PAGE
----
Why are VOCs so important? Why is everyone talking about them? It’s because we’ve never before been around them in these concentrations. We are a species that has spent most of its existence outdoors. Coming indoors over the last few generations, we are now being exposed to materials that don’t exist for long periods of time or at elevated levels outside. VOCs are such materials.
Just to set the record straight, Volatile Organic Compounds do exist in nature. Many of the ones we are exposed to today, however, are by-products of human processes like manufacturing or the burning of fossil fuels. But what’s really the big delineator for us these days is in the buildings we are constructing. VOCs have very short lives when outside because of their exposure to ultraviolet light. Outside VOCs like formaldehydes have a half-life of about 14 days. That is to say, if no more were created, in 14 days there would be half as much remaining. However, when found indoors, VOCs can last 99 years because there are very low levels of ultraviolet light inside of buildings to reduce them.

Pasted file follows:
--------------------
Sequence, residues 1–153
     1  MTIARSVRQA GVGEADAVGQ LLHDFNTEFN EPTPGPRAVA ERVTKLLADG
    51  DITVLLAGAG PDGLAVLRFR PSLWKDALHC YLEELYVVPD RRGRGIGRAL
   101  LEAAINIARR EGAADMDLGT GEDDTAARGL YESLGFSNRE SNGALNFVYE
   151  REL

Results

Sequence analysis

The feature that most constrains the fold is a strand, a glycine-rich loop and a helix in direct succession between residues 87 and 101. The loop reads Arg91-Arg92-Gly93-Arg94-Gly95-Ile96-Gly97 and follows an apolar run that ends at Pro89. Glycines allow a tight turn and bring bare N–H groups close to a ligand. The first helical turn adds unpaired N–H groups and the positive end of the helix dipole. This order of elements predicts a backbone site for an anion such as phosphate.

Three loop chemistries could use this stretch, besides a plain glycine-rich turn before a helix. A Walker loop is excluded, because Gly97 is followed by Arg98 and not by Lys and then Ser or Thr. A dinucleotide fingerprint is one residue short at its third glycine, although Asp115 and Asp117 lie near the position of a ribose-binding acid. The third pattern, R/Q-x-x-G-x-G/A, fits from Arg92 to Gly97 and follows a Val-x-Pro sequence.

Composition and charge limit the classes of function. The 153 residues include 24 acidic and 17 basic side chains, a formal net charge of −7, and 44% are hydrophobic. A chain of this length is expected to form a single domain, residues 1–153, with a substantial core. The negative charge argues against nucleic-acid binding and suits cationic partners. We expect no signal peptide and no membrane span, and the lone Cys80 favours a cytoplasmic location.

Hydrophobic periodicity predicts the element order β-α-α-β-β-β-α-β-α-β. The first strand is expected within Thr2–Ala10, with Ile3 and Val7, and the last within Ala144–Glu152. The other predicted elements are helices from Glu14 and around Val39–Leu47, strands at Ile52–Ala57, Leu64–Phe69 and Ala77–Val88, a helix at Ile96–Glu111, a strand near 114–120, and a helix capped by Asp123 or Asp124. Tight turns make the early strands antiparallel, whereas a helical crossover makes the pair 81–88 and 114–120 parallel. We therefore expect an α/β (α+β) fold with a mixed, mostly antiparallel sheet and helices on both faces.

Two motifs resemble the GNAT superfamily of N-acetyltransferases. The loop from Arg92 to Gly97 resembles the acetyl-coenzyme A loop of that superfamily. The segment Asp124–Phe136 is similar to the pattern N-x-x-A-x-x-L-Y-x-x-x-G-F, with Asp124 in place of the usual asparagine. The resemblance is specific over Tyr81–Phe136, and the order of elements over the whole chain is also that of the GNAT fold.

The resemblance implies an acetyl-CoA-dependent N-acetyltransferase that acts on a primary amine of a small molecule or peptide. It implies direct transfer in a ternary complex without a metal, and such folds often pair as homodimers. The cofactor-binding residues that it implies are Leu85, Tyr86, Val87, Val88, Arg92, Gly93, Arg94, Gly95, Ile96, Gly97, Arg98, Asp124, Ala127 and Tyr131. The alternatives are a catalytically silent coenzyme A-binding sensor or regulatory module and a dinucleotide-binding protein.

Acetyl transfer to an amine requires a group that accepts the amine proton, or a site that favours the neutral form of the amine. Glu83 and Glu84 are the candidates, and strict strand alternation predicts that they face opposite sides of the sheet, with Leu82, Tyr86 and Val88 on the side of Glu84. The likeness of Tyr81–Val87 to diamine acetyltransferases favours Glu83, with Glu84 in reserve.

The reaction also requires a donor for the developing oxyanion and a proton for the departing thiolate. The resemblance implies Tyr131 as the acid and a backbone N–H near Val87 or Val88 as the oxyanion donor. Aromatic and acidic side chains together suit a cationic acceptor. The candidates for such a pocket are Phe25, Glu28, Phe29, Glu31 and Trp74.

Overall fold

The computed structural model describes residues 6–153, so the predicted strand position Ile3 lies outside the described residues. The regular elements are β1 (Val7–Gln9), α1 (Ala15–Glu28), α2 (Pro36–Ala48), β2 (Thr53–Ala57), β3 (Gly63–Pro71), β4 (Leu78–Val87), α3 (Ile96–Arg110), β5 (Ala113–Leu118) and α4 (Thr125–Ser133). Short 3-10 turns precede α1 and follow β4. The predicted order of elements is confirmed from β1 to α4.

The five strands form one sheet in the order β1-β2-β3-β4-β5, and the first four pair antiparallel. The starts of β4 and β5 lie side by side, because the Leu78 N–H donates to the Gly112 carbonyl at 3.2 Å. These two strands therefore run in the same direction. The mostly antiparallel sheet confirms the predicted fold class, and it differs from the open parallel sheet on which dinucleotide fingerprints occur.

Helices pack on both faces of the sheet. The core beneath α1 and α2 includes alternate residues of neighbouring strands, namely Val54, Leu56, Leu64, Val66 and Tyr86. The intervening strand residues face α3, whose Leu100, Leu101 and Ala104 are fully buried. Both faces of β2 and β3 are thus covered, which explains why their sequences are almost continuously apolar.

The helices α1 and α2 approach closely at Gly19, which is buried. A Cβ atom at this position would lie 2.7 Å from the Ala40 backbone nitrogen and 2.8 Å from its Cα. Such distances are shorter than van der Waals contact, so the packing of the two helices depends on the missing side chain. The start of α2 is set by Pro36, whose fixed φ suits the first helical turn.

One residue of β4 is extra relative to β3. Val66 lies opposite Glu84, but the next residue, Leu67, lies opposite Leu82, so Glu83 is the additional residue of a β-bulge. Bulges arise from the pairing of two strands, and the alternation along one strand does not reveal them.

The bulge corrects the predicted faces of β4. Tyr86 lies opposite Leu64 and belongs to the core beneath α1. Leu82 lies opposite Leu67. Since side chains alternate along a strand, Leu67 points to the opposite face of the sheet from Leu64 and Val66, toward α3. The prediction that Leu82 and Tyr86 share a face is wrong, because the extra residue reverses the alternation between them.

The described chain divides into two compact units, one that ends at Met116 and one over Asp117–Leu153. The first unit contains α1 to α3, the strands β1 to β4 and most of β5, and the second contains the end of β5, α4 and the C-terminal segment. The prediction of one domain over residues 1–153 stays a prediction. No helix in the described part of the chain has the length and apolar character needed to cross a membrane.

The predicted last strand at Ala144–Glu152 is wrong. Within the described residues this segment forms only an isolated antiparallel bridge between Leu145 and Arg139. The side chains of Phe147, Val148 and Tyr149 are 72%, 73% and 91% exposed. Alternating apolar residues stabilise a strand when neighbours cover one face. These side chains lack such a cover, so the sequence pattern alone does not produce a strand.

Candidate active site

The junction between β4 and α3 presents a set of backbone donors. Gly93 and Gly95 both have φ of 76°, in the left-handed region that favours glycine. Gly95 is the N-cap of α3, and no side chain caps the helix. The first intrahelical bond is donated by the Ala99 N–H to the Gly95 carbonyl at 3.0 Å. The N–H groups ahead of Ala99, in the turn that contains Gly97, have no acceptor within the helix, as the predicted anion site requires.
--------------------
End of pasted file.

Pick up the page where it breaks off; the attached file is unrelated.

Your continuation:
So when we talk about how clean things have to be, let us be specific. This is not a discussion about whether antibacterial soaps are good or bad. VOCs are not germs or bacteria. VOCs in elevated concentrations are not a part of our history and so we have never developed internal mechanisms for dealing with them. These amazingly complex and magnificent “machines” our parents gifted us and we occupy are also incredibly adaptable but evolution takes time.
In the meantime we need to look at other ways of controlling VOC levels. That is why we are so hung up on talking about emissions inside of buildings and why it is so important that buildings take steps to limit how much people are exposed to.
Are you getting questions about VOCs and indoor air quality? What are the biggest concerns? What controls, if any, are being taken?
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